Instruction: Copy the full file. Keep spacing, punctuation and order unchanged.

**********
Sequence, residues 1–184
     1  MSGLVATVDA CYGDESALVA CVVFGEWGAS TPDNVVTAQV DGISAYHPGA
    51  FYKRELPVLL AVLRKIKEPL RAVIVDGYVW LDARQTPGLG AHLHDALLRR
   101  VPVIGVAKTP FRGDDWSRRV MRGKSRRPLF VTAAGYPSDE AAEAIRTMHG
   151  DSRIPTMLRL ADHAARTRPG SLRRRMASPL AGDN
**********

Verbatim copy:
Sequence, residues 1–184
     1  MSGLVATVDA CYGDESALVA CVVFGEWGAS TPDNVVTAQV DGISAYHPGA
    51  FYKRELPVLL AVLRKIKEPL RAVIVDGYVW LDARQTPGLG AHLHDALLRR
   101  VPVIGVAKTP FRGDDWSRRV MRGKSRRPLF VTAAGYPSDE AAEAIRTMHG
   151  DSRIPTMLRL ADHAARTRPG SLRRRMASPL AGDN